My Best Day at the Races

Well since yesterday I wrote about my worst day at the races, it seemed only fitting to also write about my best day.  I actually thought about a few different options for what I would label my BEST day at the races.  There was hogging the Pick 4 on a monday night in October of 2005.  There was hitting the Longacres Mile trifecta in August of 2005 with a 60/1 shot on top.  There was all those days with my dad at old Longacres.  There was calling races at River Downs, or Louisiana Downs.  But instead I chose a day from Portland Meadows.  My last day at Portland Meadows to be exact.  December 28, 2014.

There weren’t any big races that day or really anything memorable on the track or in my calls for that matter.  But I remember it being an emotionally fulfilling day for a lot of reasons.  The first live racecall I ever made was in that booth at Portland Meadows back on January 8, 2006.  A Colt Named Sue won that race and I remember almost everything about that first race call, including how awful it was.  Portland Meadows gave me a chance to call some races early on and it allowed me to make a demo tape and get hired by River Downs in March of 2006.  Midway through that first summer at River Downs I was told that Mike O’Brien, the regular announcer at PM, was not going to be coming back cause the schedule was shifting more to weekday racing and Mike had a regular 9-5 job.   When I was offered the job I remember being so thrilled.  I was 5 months into being a racecaller and I now had two great jobs that ran perfectly opposite to one another.  I was a full-time racecaller.

I did two seasons at Portland Meadows as just the announcer and a few months after I left River Downs in 2008 (you read about that yesterday) they offered me a year round position as guest services manager/media contact and announcer.  It was great, I had health insurance for the first time in my racing career (also the last time lol) and learned a ton about management from my boss Will who now is a big wig with NYRA and one of the smartest people I know.

I eventually gave up the full time job cause I went to grad school starting in 2012, but they let me stick around and be just the announcer.   From 2010 to 2013 I struggled with many of those same anxiety/depression issues I’ve written about.  It was a lot of peaks and valleys as far as my mood, but overall I did ok.  But for some reason when our 2014 season started I was doing well and feeling well.  And something strange happened.  I really started to like racecalling again.  My passion for calling was at an all-time high and I was really feeding off those feelings.  Studying and prepping harder, warming up better, memorizing better, just really doing my best.   I was feeling so good about racecalling that when the job at Louisiana Downs came up and was offered to me, I took it.

Portland Meadows had cut from 76 days down to 39 and it just seemed like the next logical step.  It was more days, more money, better racing, more exposure, etc, etc, etc.   So I gave my boss about a months notice and told him my last day would be December 28th.  I’ll admit it was kind of fun being a lame duck announcer.  I made a few YOLO calls, some impressions, just was having fun with it all.  I remember one day Frank Stronach showed up with his whole crew of corporate guys.  They stopped by the booth while getting a tour from Will and Mr. Stronach, who I’d never seen there in the nine years I worked there, said to me “I hear you are leaving us?”  I nodded yes and said it was nice to meet you and thank you for employing me for nine years.  I sincerely meant it too.  He always got a lot of flack from some of the horseman and fans at PM, but I always felt like that group supported our little track.  But for me the date cuts just meant not enough income to survive.  lad1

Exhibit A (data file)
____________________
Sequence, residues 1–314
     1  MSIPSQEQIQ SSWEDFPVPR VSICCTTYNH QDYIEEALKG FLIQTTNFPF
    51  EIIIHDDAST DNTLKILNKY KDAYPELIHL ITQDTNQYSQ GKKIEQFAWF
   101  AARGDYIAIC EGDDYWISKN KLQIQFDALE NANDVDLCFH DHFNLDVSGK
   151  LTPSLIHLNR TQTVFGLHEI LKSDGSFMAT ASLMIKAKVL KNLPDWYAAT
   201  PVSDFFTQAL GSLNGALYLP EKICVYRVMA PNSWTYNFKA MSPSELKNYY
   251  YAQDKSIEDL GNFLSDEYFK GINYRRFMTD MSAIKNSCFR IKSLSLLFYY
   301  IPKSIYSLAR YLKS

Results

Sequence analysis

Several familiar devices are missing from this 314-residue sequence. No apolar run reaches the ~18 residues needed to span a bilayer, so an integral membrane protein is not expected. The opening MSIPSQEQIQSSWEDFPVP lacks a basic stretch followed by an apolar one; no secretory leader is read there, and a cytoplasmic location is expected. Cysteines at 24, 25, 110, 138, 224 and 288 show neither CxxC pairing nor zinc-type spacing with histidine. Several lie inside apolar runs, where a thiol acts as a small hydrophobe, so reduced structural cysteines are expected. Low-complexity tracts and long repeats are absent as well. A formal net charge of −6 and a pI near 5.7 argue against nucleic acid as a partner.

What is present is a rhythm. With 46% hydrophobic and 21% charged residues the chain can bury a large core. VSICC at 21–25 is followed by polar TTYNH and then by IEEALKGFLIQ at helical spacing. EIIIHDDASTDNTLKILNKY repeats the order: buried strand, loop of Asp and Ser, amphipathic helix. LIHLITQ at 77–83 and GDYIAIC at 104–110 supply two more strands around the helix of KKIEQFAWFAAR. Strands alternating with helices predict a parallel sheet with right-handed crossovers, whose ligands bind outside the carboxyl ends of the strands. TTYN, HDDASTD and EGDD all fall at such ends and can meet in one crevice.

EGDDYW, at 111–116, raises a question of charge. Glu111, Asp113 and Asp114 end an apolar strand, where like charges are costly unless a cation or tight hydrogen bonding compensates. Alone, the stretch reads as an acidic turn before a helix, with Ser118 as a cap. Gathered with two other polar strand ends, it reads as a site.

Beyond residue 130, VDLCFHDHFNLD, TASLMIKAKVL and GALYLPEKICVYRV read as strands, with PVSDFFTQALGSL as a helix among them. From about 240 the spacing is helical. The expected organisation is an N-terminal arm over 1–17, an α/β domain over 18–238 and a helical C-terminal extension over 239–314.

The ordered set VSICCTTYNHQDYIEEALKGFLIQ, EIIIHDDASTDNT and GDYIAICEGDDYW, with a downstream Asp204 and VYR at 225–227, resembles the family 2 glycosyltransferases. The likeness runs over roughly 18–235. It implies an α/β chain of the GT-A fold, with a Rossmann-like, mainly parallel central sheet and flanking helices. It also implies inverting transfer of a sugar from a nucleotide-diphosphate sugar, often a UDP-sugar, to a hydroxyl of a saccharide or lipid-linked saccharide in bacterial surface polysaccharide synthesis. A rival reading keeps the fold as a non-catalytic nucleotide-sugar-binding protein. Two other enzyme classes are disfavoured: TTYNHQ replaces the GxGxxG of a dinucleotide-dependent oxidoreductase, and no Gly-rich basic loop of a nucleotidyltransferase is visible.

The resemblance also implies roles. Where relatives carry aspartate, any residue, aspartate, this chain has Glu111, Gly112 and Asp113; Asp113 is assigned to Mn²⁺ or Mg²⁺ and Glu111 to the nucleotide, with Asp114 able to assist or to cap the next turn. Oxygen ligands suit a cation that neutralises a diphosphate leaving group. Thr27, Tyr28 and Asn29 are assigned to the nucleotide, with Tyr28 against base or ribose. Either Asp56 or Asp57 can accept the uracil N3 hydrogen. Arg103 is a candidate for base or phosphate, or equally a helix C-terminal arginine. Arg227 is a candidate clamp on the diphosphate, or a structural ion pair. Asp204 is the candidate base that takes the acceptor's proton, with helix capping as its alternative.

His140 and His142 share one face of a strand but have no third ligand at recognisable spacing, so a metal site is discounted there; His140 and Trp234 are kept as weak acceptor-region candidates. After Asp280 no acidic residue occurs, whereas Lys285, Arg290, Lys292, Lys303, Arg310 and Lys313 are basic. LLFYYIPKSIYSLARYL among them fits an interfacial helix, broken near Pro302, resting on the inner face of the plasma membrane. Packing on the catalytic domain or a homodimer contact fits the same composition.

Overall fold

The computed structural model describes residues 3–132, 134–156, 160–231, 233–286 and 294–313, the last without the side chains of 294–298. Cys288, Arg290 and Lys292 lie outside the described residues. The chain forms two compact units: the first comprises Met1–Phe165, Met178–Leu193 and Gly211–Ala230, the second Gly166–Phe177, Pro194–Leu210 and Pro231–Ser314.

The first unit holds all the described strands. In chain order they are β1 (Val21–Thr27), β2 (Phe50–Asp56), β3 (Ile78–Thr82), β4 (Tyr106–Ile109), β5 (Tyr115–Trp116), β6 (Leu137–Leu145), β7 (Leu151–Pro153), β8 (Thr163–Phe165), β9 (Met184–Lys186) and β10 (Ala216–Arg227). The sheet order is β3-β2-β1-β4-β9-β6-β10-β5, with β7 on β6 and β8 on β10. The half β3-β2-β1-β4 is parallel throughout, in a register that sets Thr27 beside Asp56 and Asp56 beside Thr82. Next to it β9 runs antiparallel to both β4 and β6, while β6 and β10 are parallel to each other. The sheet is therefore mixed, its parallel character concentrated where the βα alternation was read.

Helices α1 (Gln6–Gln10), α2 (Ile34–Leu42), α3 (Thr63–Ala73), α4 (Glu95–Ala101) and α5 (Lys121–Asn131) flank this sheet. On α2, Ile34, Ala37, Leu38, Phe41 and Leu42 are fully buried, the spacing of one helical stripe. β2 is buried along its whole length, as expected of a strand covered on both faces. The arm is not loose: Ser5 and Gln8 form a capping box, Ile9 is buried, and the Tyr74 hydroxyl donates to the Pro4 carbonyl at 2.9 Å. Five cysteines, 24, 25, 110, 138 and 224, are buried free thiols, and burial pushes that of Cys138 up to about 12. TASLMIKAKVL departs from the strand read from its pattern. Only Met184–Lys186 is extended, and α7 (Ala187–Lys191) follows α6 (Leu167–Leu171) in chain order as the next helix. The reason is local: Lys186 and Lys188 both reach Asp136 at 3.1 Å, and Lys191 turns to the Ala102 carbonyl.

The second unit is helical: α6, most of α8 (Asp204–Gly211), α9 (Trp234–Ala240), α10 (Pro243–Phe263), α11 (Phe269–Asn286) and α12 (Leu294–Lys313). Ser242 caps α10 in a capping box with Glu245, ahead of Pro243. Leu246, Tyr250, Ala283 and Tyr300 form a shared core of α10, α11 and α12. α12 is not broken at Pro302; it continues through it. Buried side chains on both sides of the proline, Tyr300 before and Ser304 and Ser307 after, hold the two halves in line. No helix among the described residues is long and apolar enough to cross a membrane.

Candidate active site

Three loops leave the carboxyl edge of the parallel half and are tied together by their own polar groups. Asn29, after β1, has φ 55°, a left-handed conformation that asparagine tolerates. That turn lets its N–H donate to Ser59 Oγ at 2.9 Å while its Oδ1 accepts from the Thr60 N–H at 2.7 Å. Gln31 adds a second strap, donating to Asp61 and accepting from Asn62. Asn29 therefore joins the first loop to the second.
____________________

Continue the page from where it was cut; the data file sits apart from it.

So to the track for my Best Day, December 28, 2014.  I got there and the office crew had a cake made for me.  The tote guys got me a real nice card (see right).  Even just walking up to the booth that day I had bettors pull me aside and wish me luck and say some really nice things that meant a lot.  I had always taken a lot of pride being the announcer at Portland Meadows.  So it was cool to get that appreciative feedback for the work I’d done.

All of that was great, but the real reason this was my best day at the races was because I made such an effort to be present and in the moment.  Anxiety is generally fear of what will happen, not what is happening.  I knew in my heart I wanted to savor this day cause I was never going to get to do this job at this place ever again.  So each race I made sure to enjoy the feeling of talking over the PA system.  Enjoy the excitement of the people out front cheering as the horses came down the lane.  Enjoy getting to use a talent I had worked a decade on improving.  Enjoy getting to say the names of these jockeys and trainers one last time.  I really made such a point to soak it all in throughout the day.  I was so thankful and when we got to the last race, I really got emotional.  This was the ending of a nine year chunk of my life.  This was leaving a city I liked and the few friends I had.  And when they crossed the line and the last race went official, I just said thank you very much for letting me call these races.   Then clicked the mic and headed downstairs.

I cried a little hugging our Assistant General Manager Jerry cause I love Jerry.  And I cried a little saying goodbye to Will cause I love Will.  But I got in my car and drove out of the parking lot and hit the road that same night to Louisiana.  Two days later I was at Santa Anita park.  Two more after that I was in El Paso.  Two more after that I was in Shreveport.   But to this day I can still remember that feeling of calling those last races.  It taught me such a great lesson in savoring moments that you know might be important.  I”m glad I still have memories of my best day at the track.

Behind the Mic—Guest Jonathan Horowitz

Jonathan with Michael Wrona at Hollywood Park in 1999

Jonathan with Michael Wrona at Hollywood Park in 1999

Jonathan Horowitz was calling races at big national and international tracks like Santa Anita, Hollywood Park, Lone Star Park, Gulfstream, Goodwood and many others at the young age of 14.  After going to college at USC and pursuing graduate work at the University of Maryland, Jonathan has returned to announcing as the full-time racecaller at both Zia Park in New Mexico and Arapahoe Park in Colorado.